Historical Marker #1188 in Letcher County notes the location of the Scuttle Hole Gap Road, a thoroughfare used by the mountain community since the early nineteenth century.
During Kentucky’s early history, travel through the Appalachian Mountains was difficult at best. Many communities grew in isolation, and the area’s mountains, rivers, and streams were difficult to navigate. What may take an hour’s travel on level ground can be more than doubled in the mountains. The construction of roads, from the earliest pioneer days to the present, has attempted to alleviate the burden of travel in the mountain counties of Kentucky.
One such road in Letcher County was constructed long before the county was formed in 1842. The Scuttle Hole Gap Road was built by early settlers in the valleys between forks of the Kentucky and Cumberland Rivers as a way to travel over Pine Mountain. Construction of this road allowed early mountain settlers to get to mountain towns, often in neighboring Virginia, in order to market their crops and goods and to purchase needed household items they could not manufacture on their own, including salt and sugar.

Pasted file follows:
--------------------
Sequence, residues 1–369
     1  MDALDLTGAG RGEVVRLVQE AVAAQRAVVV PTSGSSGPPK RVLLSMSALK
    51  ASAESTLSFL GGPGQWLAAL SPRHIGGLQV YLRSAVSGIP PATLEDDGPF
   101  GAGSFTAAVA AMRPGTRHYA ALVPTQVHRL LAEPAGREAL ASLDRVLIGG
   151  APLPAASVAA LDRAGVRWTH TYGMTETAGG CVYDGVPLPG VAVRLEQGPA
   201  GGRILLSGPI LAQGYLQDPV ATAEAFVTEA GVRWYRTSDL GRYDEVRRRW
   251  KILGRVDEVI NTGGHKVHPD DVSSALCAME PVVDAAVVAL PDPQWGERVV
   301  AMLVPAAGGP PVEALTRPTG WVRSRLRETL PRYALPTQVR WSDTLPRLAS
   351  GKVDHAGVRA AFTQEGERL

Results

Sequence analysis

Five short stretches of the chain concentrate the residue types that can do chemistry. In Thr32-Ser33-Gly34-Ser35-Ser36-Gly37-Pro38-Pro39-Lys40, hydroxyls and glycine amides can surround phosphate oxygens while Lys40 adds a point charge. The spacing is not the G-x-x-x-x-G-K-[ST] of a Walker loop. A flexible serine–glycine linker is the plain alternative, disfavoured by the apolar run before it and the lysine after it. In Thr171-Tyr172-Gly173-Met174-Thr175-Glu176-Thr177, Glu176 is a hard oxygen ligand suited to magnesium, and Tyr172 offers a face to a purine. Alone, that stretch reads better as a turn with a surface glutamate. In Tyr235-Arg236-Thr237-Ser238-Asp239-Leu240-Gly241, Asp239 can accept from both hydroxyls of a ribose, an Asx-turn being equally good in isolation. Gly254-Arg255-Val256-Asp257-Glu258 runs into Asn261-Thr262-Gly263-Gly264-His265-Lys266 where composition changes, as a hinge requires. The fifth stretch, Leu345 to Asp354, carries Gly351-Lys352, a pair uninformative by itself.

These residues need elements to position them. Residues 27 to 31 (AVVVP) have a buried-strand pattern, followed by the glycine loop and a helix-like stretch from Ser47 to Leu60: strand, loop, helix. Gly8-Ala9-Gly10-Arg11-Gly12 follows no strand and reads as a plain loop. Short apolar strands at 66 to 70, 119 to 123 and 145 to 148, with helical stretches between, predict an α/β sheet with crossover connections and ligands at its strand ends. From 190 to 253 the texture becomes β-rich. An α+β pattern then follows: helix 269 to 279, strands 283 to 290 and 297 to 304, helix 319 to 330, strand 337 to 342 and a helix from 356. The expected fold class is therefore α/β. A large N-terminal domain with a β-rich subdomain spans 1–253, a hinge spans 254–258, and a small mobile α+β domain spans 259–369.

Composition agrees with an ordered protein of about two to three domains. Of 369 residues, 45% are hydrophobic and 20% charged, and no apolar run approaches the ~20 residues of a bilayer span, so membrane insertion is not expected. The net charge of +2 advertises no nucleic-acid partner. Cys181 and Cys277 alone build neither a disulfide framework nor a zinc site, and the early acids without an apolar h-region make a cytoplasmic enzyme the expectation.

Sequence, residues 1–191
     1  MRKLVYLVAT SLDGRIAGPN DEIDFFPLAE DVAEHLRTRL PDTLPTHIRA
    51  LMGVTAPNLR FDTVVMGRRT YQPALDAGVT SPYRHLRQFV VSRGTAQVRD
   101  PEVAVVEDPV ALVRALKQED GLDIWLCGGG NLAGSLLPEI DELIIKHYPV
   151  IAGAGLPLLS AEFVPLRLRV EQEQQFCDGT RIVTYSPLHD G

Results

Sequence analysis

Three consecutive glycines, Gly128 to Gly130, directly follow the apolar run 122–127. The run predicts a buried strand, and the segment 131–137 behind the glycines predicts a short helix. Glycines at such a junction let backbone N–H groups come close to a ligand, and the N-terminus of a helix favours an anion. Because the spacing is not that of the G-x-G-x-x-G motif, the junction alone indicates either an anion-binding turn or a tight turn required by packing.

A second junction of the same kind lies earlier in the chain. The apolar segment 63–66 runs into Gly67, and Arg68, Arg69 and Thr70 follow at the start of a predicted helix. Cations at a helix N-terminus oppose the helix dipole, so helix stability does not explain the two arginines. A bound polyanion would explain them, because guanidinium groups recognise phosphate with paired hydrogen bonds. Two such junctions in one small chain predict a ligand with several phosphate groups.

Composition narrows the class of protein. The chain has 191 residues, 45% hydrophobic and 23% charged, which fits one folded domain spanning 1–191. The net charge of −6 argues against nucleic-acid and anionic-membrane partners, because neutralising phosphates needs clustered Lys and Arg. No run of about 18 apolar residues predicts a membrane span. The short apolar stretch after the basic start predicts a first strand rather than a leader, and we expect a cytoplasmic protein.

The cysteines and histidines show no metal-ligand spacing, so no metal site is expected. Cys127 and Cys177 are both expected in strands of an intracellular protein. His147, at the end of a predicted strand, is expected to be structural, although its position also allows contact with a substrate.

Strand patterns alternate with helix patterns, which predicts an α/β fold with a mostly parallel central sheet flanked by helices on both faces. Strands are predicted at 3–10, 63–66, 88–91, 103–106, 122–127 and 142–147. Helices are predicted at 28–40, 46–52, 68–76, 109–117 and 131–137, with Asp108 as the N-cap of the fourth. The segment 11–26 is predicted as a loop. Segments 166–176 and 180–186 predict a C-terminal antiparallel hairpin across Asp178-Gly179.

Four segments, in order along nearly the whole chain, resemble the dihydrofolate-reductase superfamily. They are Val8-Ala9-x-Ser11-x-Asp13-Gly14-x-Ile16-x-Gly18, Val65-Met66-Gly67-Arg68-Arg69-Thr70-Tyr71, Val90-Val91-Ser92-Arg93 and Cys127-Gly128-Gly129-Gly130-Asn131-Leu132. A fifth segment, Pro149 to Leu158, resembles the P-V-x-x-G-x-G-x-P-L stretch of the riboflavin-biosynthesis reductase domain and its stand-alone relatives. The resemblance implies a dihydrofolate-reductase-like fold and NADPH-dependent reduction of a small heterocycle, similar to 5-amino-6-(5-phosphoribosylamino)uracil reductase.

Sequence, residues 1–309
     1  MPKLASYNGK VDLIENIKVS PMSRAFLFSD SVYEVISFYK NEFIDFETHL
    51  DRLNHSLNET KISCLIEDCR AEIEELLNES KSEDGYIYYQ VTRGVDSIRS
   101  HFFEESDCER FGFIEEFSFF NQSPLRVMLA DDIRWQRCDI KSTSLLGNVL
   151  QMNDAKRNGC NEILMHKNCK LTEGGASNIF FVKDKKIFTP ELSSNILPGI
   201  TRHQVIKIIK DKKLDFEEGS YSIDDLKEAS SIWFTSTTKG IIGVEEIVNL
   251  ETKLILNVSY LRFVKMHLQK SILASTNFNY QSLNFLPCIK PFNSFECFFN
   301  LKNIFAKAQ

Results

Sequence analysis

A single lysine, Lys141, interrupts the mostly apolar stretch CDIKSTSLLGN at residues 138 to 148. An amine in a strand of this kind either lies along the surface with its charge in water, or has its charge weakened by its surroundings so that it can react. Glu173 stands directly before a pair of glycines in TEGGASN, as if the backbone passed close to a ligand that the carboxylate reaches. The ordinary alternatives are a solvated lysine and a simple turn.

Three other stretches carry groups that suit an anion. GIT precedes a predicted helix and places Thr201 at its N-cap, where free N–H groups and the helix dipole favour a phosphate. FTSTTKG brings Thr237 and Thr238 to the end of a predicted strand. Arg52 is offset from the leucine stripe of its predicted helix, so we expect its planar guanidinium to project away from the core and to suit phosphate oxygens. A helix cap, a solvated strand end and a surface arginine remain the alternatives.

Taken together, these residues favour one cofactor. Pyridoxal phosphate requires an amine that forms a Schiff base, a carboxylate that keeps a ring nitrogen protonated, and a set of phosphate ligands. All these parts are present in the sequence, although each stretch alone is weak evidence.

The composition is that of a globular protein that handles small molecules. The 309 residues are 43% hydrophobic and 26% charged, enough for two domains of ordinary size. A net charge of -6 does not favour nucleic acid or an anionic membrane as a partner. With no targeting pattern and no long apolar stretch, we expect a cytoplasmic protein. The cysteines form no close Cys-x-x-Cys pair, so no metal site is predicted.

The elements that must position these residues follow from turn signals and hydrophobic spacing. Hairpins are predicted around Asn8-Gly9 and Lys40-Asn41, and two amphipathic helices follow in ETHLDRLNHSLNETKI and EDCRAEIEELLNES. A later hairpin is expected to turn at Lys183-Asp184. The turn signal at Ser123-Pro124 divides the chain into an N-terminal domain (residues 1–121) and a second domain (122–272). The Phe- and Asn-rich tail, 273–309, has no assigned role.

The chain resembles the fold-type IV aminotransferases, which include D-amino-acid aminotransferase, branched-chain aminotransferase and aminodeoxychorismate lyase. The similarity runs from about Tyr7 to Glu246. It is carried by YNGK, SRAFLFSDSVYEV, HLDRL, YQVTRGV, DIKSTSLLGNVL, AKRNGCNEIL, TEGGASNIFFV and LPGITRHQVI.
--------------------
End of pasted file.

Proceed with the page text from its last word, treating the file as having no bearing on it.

The road ran approximately seven miles, north and south, and took advantage of a natural pass through Pine Mountain caused by a mountain stream (Scuttle Hole Branch). The trail, and then road, was enhanced by manual labor. Travel on the road was hazardous, especially when rain and heavy snow washed out the roadway.
Mountain roads like the Scuttle Hole Gap Road helped alleviate some of the isolation caused by the region’s high ridges and deep valleys. These roads allowed early settlers access to items and information that helped lessen the difficulties the mountains made on their lives.